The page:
I never did get to Creative Spirit to break down my show yesterday so that has to happen today too. It was 93 degrees yesterday afternoon, and I just wasn't up to it. It's supposed to be in the 90's today too. *sigh*

Good thing it is the longest day of the year!

Tuesday, June 20, 2006


No coffee yet, no music either. The rest of the household is sleeping in this morning and the only sounds are the hum of the air conditioner, the buzzing of a fly trapped in the office with me and the tapping of my keys.

After I posted yesterday I took Jessie to school and was reminded that this is Art Week at Phoenix Summer Camp and I volunteered to teach the project... Whoopsie Daisy. So yesterday there were no firings. I spent the afternoon racking my brain for a fun, NEW project suitable for 19 4-6 years olds.

We're going to make coasters! I cut 48 4" clear squares and ground down all the edges and corners so nothing is sharp. I packed up jars and jars of opal frit (with over 30 jars of opal frit picked, I decided to skip transparent frit and all powders this time) and Dave went to the grocery store last night and bought Elmer's glue all and dixie cups. Today they will put the frit on the glass with glue--two pieces for two layers, one coaster each--and I will flat fuse each piece.

Then tomorrow I will stack and fuse the layers (using a digital picture I will take of each child's set to tell me whose is whose, what the orientation is, and which one goes on top). Thursday they are going on a field trip to the High Museum of Art--I will not be able to accompany them, though I think I might have already volunteered. Friday I will take the finished coasters back to school and the children will put the little rubber feet on their coasters and sign their names in black sharpie on the bottom. Sharpie pen fires out so putting their names on in advance would do nothing.

The afternoon was taken up with a tutorial on the "tool" my web design/hosting company expects me to use to maintain my website. I thought tools were supposed to be useful. It has got to be the least flexible, most cumbersome interface I have ever used. There is no proportional resize of any elements--including jpegs. There is no drag and drop. All sizing is done by typing in the height and width in pixels in for each block on the page, and if you accidentally get one too big, it breaks the look of the page. The sizes are not displayed for the elements so you can't easily tell where it's broken. All this means I am going to have to spend a lot more time and attention to update my pages--and create the ones which are still not done. At least I got the slide show working and know what was wrong with it. Maybe I'll even have it on the real home page by the end of the week.

So this morning I teach, this afternoon I break down the show I had at Creative Spirit last week, and I fuse the children's coaster tiles. I hope I also get a chance to do the combed sconce project scheduled for today. The anxiety attacks are just going to have to wait--I have no time for them today.

Monday, June 19, 2006

Monday, Monday

Coffee in the Chicago Skyline mug, "I Don't Like Mondays" by the Boomtown Rats on iTunes. No, it is not random chance. I got up at 6:13 this morning to get a jump on my week and ended up puttering it all away on the little pond (The fish are alive! The fish are alive!), iTunes, email, computer syncing... I begin to think it is just not worth it to get a new computer ever. What I want is to be able to pug one computer into another and say "duplicate all of this--documents, settings, music, pictures, whatever--just go through a check list and have it magically work. No hardware issues, no OS woes, just WORKS. My weekend was so far from that it was not funny--but I am told I will love the Mac.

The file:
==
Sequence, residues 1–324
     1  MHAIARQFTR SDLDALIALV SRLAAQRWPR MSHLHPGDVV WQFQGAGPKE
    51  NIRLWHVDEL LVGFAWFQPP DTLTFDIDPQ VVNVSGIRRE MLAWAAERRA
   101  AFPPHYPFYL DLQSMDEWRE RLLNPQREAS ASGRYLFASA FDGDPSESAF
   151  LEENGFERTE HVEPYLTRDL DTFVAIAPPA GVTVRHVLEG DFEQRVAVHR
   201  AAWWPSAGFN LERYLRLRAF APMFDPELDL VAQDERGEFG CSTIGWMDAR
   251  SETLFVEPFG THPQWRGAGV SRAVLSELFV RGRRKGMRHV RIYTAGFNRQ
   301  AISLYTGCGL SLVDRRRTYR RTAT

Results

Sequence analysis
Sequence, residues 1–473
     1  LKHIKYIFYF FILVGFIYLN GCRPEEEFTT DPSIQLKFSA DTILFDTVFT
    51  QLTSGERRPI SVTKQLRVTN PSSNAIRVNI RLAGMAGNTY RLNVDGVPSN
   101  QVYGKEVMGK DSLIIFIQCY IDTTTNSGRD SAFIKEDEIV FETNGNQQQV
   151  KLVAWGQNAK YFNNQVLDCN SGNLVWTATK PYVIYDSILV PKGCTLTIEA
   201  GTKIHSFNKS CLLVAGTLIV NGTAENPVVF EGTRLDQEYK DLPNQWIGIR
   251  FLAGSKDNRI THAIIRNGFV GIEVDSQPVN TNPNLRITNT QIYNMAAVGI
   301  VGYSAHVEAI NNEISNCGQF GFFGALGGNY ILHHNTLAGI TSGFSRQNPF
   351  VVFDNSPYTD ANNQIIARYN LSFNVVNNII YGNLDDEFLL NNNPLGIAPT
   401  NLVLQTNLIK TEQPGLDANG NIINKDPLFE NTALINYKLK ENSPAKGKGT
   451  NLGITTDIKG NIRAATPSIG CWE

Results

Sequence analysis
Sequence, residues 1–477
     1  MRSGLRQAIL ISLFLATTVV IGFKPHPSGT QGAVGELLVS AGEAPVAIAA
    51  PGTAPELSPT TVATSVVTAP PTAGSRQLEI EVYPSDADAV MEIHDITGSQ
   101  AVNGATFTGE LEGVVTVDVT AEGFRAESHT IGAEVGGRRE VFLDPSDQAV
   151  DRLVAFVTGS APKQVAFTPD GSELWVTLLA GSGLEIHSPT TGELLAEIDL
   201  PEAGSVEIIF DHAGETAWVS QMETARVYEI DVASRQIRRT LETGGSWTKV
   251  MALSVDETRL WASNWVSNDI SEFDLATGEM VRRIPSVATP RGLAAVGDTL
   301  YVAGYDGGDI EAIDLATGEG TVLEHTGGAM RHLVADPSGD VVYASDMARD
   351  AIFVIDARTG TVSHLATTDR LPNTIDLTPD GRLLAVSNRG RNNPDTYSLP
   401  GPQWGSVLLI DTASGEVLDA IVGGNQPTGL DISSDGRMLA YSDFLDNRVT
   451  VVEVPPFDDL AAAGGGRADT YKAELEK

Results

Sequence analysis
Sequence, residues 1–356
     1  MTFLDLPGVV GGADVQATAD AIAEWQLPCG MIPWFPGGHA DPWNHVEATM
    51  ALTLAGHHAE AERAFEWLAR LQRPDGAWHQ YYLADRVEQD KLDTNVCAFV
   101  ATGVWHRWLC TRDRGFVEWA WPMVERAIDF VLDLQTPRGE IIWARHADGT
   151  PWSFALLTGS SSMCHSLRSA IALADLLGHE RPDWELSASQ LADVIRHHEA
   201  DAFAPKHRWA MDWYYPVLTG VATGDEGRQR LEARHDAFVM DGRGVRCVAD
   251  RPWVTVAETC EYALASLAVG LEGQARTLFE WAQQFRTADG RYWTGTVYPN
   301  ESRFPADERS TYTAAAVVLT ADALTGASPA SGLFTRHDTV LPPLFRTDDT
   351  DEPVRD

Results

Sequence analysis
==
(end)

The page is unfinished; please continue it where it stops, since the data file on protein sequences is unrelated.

But today, today, what does it bring? Ikebana for me at 9:30. I am in the Research course now (ooooh). Swimming for Jessie--her summer camp class goes to the Y for swimming Monday and Wednesday mornings--so I need to braid her hair, dress her in her suit and pack clothes and a towel. Then, work for me!

My new website went live Thursday night. It took three months to get it to the state it is in (notice I didn't say "done"), and there is no end in sight. Trust me to have picked a website design/hosting company which does not allow ftp. You have to use their little tool. I refrained (barely) from saying crappy little tool. The last thing I want to have to do now is learn yet another piece of software! I am getting REALLY TIRED OF COMPUTERS! The web developer said he could not do an image slideshow (a little flash element) for me that I would be able to manage or edit. I need to do it myself, so I did. It works fine in Dreamweaver and in a test browser on my system. As soon as I move it up to their server, it doesn't work anymore...

This was not supposed to be a bitch session post. I hadn't realized I was still so frustrated by my recent tech overload. Need to think of something positive... Ah, yes, glass! I will make glass today! Two orders to start producing for the final two gallery orders pre-BMAC (Buyer's Market in Philadelphia in July). Also time to start on the Art Institute order.

This week's book projects are:
garden stake
wall sconce
2-D panel in a stand
wall mirror
cast paperweight

Oh boy. The garden stake hardware is on backorder from my distributor and I haven't been able to find one retail anywhere. This is not a project I want to drop, but I frankly don't see teaching copper tube bending and soldering. I wonder if Michaels' has anything I could use. The technique effort has ratcheted up too: the wall sconce is combed, the 2-D panel is from an aperture pour, the wall mirror is a pattern bar piece, and the paperweight will involve modeling, mold making and casting.